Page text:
How Blockchain Technology Can Prevent Voter Fraud

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How Blockchain Technology Can Prevent Voter Fraud

Blockchain is soon becoming unparalleled as a technology. Although the Internet has long been acquainted with various peer-to-peer programs for file sharing, music streaming, and other purposes, the notion that these networks may offer their own security and resources dates back only to 2008. In the decade since its birth, blockchain has been mostly associated with the success of the technology that gave rise to it, bitcoin.

However, in recent years, it has swiftly become a stand-alone star. With the emergence of the world’s favorite cryptocurrency came a greater understanding of the strange and unique technology that underpins it. Developers that see the usefulness of blockchain are rushing to invent new use cases and put their ideas into action.

Many people believe that the fundamental benefit of blockchain is its capacity to enhance existing systems. From the outset, astute onlookers noticed the technology’s promise, since bitcoin provided a more secure and transparent payment processing and banking solution than previous ones. In recent years, the same individuals have utilized blockchain to transform sectors as diverse as cloud storage, smart contracts, crowdfunding, and even healthcare. However, voting fraud is one of the most serious issues that blockchain’s decentralized muscle can address.

Key Takeaways

  • Blockchain technology, which is now employed in cryptocurrency systems, offers a framework for constructing a highly secure, decentralized, anonymised, but auditable chain of record.
  • The same technology might be used to record and report votes, as well as to prevent other sorts of voter fraud in elections.
  • The globe may be ready for larger-scale blockchain voting, especially after the disinformation surrounding the 2020 U.S. presidential elections.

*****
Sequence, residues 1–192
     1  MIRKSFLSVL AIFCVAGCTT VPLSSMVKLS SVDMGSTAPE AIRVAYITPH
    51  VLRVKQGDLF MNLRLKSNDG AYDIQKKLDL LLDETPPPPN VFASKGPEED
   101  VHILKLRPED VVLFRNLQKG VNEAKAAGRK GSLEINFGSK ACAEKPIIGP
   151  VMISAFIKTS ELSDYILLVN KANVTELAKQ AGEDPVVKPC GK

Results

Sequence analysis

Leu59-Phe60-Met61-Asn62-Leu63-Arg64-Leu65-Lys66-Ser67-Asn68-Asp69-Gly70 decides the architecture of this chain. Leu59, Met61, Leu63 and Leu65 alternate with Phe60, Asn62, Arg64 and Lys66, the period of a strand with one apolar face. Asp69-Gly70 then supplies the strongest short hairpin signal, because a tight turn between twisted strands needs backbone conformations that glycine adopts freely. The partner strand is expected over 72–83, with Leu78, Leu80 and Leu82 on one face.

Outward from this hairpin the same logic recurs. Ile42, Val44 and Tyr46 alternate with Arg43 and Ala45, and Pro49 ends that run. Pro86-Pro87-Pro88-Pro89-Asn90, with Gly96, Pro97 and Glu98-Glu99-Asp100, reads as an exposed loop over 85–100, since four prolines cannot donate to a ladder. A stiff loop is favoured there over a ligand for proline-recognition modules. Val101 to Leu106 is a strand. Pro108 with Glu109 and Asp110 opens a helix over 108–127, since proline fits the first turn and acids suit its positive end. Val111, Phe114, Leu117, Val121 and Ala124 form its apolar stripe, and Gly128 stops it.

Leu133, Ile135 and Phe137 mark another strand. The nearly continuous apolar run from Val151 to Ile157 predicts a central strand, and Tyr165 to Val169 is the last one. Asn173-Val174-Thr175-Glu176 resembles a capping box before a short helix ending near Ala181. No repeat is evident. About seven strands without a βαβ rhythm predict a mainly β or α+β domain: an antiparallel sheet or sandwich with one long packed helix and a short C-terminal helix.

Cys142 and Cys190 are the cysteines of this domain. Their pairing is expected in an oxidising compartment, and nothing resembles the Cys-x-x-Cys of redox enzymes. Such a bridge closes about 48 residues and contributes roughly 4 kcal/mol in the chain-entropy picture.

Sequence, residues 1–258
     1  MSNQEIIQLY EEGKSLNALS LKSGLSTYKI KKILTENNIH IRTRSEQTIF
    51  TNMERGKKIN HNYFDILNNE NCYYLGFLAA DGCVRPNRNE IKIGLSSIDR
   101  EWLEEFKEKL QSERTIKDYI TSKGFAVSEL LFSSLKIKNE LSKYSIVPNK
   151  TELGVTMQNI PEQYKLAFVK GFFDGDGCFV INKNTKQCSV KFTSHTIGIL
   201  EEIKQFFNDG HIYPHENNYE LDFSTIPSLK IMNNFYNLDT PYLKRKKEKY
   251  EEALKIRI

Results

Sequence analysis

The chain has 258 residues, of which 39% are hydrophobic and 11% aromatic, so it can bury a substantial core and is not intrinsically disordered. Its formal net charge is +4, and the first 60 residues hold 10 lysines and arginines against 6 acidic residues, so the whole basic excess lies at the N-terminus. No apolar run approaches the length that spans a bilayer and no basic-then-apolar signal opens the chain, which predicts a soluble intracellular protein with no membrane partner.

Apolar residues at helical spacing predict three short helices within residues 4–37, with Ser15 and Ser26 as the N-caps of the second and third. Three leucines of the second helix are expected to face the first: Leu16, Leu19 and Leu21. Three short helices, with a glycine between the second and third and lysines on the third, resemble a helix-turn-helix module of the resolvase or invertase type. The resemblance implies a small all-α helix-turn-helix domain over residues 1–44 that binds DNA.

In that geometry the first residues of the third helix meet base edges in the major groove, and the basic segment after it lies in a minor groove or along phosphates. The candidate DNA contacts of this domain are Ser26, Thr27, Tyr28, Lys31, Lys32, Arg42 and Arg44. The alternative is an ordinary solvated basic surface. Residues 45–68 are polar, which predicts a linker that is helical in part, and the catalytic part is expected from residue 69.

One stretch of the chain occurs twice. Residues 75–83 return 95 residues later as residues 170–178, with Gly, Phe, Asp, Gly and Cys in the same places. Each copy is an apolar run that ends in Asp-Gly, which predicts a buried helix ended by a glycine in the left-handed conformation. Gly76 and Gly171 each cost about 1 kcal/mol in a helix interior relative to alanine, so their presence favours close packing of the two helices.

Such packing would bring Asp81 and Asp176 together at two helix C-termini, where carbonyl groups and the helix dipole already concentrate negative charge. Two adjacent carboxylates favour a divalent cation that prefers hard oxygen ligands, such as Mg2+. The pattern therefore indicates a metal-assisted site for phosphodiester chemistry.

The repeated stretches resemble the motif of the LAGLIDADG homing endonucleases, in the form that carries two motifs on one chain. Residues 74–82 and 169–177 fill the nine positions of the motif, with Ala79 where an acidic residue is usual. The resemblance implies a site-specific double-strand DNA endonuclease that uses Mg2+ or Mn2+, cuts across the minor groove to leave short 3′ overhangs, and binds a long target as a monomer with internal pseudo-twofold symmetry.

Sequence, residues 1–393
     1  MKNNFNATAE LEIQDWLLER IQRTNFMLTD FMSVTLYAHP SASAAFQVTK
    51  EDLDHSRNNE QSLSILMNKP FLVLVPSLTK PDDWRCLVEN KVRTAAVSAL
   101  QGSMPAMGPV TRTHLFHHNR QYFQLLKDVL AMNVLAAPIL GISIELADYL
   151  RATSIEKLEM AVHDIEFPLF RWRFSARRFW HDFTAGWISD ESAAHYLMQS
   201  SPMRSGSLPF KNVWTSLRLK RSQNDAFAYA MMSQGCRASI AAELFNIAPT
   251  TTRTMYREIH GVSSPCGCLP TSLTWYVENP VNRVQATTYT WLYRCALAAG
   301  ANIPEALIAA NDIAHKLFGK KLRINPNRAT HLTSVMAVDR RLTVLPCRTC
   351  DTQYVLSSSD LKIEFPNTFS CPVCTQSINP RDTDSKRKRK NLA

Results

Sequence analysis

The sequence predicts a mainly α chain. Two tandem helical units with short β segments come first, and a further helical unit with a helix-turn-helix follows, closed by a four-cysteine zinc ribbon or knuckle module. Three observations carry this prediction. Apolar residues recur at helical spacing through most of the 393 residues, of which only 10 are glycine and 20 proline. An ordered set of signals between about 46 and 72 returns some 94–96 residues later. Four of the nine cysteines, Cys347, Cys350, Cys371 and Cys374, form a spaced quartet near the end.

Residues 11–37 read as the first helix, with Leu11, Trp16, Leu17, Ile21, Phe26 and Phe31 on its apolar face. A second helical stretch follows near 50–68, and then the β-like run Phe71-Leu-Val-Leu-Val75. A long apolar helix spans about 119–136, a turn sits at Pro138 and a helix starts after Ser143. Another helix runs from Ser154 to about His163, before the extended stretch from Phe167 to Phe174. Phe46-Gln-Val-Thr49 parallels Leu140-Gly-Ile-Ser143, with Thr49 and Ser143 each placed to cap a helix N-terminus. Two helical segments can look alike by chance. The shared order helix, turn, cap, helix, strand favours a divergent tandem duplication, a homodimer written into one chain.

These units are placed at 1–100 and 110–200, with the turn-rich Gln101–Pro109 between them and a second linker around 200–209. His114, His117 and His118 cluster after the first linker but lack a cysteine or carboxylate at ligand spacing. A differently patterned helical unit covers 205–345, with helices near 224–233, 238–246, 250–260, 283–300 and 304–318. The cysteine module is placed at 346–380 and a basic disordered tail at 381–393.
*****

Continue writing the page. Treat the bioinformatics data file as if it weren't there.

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Blockchain Serves the Voters

Blockchain, in its most basic form, is a digital ledger. To validate, process, and record all transactions throughout the system, the technology pulls its power from the peers—or nodes—on its network. This ledger is never saved, but rather resides on the “chain,” which is backed by millions of nodes at the same time. Blockchain’s transaction database is incorruptible, and each record is readily verified, thanks to encryption and decentralization. Because the network does not exist in a single location, it cannot be shut down or affected by a single entity.

Blockchain may be used for any sort of data transfer, not only financial transactions. Because a vote is a little bit of high-value data, this kind of system architecture is highly beneficial for voting. Modern voting methods are essentially trapped in the twentieth century due to necessity, and people who wish to vote must leave their houses and present paper ballots to a local authority. Why not make this method available online? Some have attempted, but the findings have been difficult to trust owing to significant security flaws.

Blockchain has the potential to alleviate many of the issues identified in these early efforts at online voting. A blockchain-based voting program is unconcerned about the security of its Internet connection since any hacker with terminal access cannot impact other nodes. Voters may cast their ballots without exposing their identities or political views to the general public. Officials may tally votes with complete confidence, knowing that each ID corresponds to a single vote, that no fakes can be manufactured, and that tampering is impossible.